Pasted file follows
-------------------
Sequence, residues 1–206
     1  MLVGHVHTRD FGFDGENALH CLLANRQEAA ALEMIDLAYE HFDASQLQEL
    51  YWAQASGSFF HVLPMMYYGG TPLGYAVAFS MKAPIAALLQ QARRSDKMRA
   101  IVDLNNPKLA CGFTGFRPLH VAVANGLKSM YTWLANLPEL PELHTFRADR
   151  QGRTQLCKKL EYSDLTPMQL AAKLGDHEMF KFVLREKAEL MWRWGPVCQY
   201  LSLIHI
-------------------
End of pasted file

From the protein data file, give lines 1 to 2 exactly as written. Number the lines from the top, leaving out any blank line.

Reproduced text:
Sequence, residues 1–206
     1  MLVGHVHTRD FGFDGENALH CLLANRQEAA ALEMIDLAYE HFDASQLQEL